Jonathan Brazzel, 25, died of what appears to be a head injury he received at a Chesapeake Energy well site in DeSoto. He died at the scene.
Brazzel’s death is the second connected to the oil and natural gas industry in the past three months in this region. Two serious injuries connected with pipeline projects also have been reported within the same time frame.
It seems the oil & gas industry has immunity from workplace death or injury lawsuits. That’s almost as convenient as being exempt from federal environmental laws.
Rhetorical Question: Is there any instance where this industry is held measurably responsible for the destruction they cause?
Wyoming is trying to change the immunity with pending legislation. Energy industry’s immunity at stake
Currently, state law dictates that a contractor is immune from litigation as long as the company pays worker’s compensation insurance. That immunity extends to the site operator (e.g. the energy company) unless the company shows enough control over the workspace to demonstrate liability – and that hasn’t happen in 15 years.
The last Wyoming suit that showed operator liability was in 1994 when a contractor’s employee won a $1.4-million suit against Natural Gas Processing (NGP) after he suffered extreme head trauma during the finishing stages of drilling.
In that case the Wyoming Supreme Court found a NGP employee had explicitly ordered the directives that led to the accident.
But since 1994, not one operator has been found liable for an injury or death even though Wyoming has one of the highest workplace death rates in the country.
The industry is issuing their mantra about how any change in rules or regulation would cause them great harm.
“I think it would have a really chilling effect on this industry,” said Bruce Hinchey, president of the Petroleum Association of Wyoming. “We are pretty nervous about this bill.”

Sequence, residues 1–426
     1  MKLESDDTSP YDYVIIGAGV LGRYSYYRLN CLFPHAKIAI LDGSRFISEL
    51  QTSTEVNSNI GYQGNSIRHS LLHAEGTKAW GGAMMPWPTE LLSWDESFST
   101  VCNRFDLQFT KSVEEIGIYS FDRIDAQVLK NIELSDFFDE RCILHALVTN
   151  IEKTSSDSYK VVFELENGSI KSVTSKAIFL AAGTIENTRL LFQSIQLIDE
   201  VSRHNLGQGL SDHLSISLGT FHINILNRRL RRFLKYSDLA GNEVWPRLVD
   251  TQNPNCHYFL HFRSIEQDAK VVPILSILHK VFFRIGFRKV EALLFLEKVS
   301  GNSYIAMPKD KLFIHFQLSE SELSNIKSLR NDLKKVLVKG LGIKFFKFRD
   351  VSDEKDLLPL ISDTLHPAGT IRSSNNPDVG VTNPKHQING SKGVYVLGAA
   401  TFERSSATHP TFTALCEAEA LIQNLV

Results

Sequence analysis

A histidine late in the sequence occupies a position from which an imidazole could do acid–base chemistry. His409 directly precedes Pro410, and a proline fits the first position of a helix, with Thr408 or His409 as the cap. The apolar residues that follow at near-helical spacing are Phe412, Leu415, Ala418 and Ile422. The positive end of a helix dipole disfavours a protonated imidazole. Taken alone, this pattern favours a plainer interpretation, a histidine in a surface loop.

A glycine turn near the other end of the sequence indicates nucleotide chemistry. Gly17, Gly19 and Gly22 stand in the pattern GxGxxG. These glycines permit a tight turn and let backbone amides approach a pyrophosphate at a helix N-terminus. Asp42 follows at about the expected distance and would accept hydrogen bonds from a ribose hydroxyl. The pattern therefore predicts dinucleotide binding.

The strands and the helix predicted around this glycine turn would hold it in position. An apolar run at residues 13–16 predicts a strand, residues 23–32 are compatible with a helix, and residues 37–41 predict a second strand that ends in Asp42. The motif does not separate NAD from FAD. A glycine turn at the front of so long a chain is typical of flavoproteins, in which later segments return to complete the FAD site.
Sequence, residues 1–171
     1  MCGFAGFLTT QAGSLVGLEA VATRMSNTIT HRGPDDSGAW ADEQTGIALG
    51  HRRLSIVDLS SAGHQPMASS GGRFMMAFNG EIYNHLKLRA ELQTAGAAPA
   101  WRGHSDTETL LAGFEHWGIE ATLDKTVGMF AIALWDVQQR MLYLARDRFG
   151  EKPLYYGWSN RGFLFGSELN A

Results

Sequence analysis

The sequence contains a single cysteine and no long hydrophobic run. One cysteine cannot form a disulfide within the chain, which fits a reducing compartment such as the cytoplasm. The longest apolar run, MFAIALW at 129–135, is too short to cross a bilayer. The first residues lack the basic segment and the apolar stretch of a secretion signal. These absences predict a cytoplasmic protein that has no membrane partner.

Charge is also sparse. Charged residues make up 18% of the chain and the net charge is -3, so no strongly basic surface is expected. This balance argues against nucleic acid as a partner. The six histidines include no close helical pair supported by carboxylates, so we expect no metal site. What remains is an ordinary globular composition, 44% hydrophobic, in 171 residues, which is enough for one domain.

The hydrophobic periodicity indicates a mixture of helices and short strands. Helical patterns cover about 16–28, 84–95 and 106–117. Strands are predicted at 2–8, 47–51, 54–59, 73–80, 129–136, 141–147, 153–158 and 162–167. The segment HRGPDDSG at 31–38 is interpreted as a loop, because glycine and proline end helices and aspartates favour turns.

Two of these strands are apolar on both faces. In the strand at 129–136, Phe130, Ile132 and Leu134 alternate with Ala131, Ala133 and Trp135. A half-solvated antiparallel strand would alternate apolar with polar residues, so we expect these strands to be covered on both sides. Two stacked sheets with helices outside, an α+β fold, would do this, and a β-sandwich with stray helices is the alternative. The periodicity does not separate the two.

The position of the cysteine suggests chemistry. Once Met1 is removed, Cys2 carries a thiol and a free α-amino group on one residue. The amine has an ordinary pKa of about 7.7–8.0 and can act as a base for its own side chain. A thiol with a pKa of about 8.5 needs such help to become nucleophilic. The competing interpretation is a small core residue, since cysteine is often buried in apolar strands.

Calling it a “money grab by trial lawyers,” Hinchey said the majority of the money wouldn’t make it to an injured worker anyway. He says the money would end up in attorneys’ pockets.
Exxon shatters profit records
Oil giant makes corporate history by booking $11.7 billion in quarterly profit; earns $1,300 a second in 2007.
Exxon Mobil: Biggest profit in history [AGAIN]
The largest U.S. oil company surges past analysts’ estimates with a posted net income of $14.83 billion and sets a national record for quarterly profit.
Exxon Mobil, Chevron report record profits in 2008
I could spend all day just recording the record profits but I’m blogging from Starbucks so…back to death and drilling…
Services for Jonathan Brazzel, 26, of Shreveport, will be held at 11 a.m. Saturday at First Baptist Church, 406 W. Main St. in Homer. The graduate of Mount Olive Christian School in Athens is survived by his wife, Jenna Paul Brazzel, daughters Jaylyn Brazzel and Cassidy Paul, all of Bossier City, mother, Jan Duncan, of Shreveport, father, Lane Brazzel, of Dubach, stepmother, Jackie Brazzel, of Fairfield, Texas, a sister, two brothers, grandparents and a host of aunts, uncles and cousins.
His death is being “probed.”
“Our thoughts and sympathies continue to go out to Mr. Brazzel’s family members,” said Kevin McCotter, Chesapeake Energy Corp.’s director of corporate development in Louisiana.
So, how about showing your sympathy by setting up a trust fund for his two daughters and handing his widow a big wad of some of that cash you made last year?